Highlights: The Fiat offers a better new-vehicle warranty than its siblings Chrysler, Dodge and Jeep. The Fiat, which is an Italian built vehicle, is outfitted with a 4-year, 50,000 mile warranty where as its siblings offer a 3-year, 36,000 mile warranty. Maintenance is also covered under Fiat’s warranty for a 3-year period too. Moreover, the Fiat 500C is available with 14 paint colors and 12 unique seat color and material combinations, personalizing the vehicle. Fiat touts that there are more than 500,000 ways to personalize this Italian compact.
Test Vehicle’s MSRP: $21,750 (Base price convertible start at $20,200)
Seating Capacity: 2 adults (and possibly squeezing two additional folks in the back seat)
Standard Safety Features:
- front, side rear and knee airbags
- hill start assist, which keeps the vehicle from rolling on an incline, traction control; and a tire pressure monitoring system
Standard Equipment (on Pop Convertible):
- 15-inch wheels
- power windows
- power door locks
- chrome exhaust tip
- power heated mirrors
- a power operated cloth top
- leather-wrapped steering wheel with audio controls
Standard Audio: AM/FM/CD/MP3 audio system with a limited subscription-based Satellite system
Bumper-to-Bumper Warranty: 4 years or 50,000 miles
Powertrain Warranty: 4 years or 50,000 miles
Bluetooth Compatibility: Yes
MP3 Capability: Yes
Standard Engine/Horsepower: 1.4 -liter, 4-cylinder/101-hp
Recommended Fuel: Premium
Standard Fuel Mileage: 28-city/40-hwy
- Pop (Hardtop And Convertible)
- Sport (Hardtop)
- Lounge (Hardtop And Convertible)
- Abarth (Hardtop)
- Convertible (Hardtop)
What’s New: After a 27-year absence, Fiat re-entered the U. S. in 2011. The nostalgic compact is in the same league as BMW’s MINI brand. Like the MINI brand, the Fiat is available in both a hardtop and ragtop.
Pros: At first glance, we felt ill-at-ease about putting this tiny compact on Atlanta’s dangerous highways. However, once we were behind the wheel, we felt extremely safe. In fact, we were so confident that we actually made our way into the fast lane while this compact pumped-out 101-horses from underneath the hood. We wouldn’t recommend pulling-out in front an 18-wheeler. We only decided to navigate toward the fast lane, after we got the vehicle up to speed.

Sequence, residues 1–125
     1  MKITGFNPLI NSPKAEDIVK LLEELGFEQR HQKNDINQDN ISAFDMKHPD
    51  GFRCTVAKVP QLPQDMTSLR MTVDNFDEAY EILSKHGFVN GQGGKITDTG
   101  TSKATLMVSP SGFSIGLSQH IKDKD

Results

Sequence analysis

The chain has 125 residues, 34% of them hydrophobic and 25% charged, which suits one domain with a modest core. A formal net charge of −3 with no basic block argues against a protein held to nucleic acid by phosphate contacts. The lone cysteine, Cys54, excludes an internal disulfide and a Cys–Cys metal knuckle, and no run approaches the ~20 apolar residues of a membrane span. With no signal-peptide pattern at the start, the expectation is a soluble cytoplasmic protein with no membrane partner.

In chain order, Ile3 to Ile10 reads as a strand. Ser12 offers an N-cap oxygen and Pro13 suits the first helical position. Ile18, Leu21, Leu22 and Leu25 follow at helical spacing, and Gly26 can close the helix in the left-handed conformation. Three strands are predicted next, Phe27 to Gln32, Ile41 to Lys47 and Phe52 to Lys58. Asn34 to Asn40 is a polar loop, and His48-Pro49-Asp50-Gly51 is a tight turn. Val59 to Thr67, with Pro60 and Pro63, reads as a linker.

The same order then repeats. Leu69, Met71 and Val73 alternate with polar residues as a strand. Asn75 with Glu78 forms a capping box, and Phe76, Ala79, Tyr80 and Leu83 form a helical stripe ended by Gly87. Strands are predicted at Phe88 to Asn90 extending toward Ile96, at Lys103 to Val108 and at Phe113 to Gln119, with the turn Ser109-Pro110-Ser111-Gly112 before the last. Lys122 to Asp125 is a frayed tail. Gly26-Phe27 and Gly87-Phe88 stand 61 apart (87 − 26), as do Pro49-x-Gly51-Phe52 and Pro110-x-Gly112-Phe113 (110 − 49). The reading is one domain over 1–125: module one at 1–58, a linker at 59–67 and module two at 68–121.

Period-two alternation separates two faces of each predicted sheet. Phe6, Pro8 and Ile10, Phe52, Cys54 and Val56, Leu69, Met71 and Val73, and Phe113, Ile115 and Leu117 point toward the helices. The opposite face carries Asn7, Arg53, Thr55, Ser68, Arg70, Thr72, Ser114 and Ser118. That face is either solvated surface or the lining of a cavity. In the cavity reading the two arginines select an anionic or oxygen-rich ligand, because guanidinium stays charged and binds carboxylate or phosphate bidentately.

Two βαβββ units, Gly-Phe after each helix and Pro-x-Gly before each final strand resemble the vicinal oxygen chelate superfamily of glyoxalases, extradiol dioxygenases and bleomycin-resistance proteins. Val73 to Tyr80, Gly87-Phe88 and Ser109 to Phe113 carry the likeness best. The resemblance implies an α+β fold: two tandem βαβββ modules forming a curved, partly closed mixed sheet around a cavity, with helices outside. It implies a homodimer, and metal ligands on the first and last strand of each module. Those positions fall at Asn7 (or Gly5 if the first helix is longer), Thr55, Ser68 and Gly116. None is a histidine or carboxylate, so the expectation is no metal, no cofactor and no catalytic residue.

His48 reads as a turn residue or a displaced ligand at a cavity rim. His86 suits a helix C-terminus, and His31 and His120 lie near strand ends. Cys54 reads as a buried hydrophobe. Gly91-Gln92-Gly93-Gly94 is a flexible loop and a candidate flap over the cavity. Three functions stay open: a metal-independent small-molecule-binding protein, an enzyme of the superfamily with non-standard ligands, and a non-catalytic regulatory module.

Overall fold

The roomy front seats were extremely supportive too. The placement of the gauges and the interior color coordination took us back to the cars of yesterday.
Furthermore, we had an opportunity to spend time behind the wheel of a ragtop with its fun-to-drive, easy-to-shift 5-speed manual transmission. Boy, this vehicle was a blast to drive. We can only imagine how the fun factor will increase once Fiat introduces the Abarth edition.
Moreover, it’s easy to personalize the Fiat 500. As noted earlier, there are about 500 different ways to personalize this vehicle. Buyers can opt for such features as a manual transmission to an automatic transmission to a TomTom navigation system with a large touchscreen that offers real-time traffic and weather updates to a hardtop to a ragtop. Buyers won’t be disappointed with the array of options.
Lastly, the easy-to-use power ragtop slides out of the away just like an oversized panoramic sunroof. There are no latches to connect. The top can be open and closed at highway speed if a fast moving storm suddenly appears out of nowhere, which we experienced several times, while being behind the wheel of our Fiat 500.
Cons: While many critics have questioned the long-term reliability of Fiat due to its past history, just in the short time we spent behind the wheel the vehicle seems to be put together well.
Also for buyers looking to haul two adults in the rear seating area, it’s going to be an impossible feat. The rear is only capable of carrying small precious cargo like kids.
Furthermore, why does this vehicle require premium fuel? In this day of fuel conscious consumers, this just doesn’t quite add up.
The Verdict: For those seeking an easy-to-maneuver vehicle, which harkens back to the past, the Fiat 500 should fill that void. The vehicle is affordable, eye-catching and fun to drive. With sales of the vehicle being relatively soft in most places around the country, serious buyers should be able to work up a pretty sweet deal.
Competition: MINI Cooper
Jeff Fortson is an auto analyst and editor of a car-buying website for women and minorities. To learn more about his popular car-buying workshop and/or to price a new-vehicle, drive on over to www.JeffCars.com. Follow him http://twitter.com/#!/JeffCars/.
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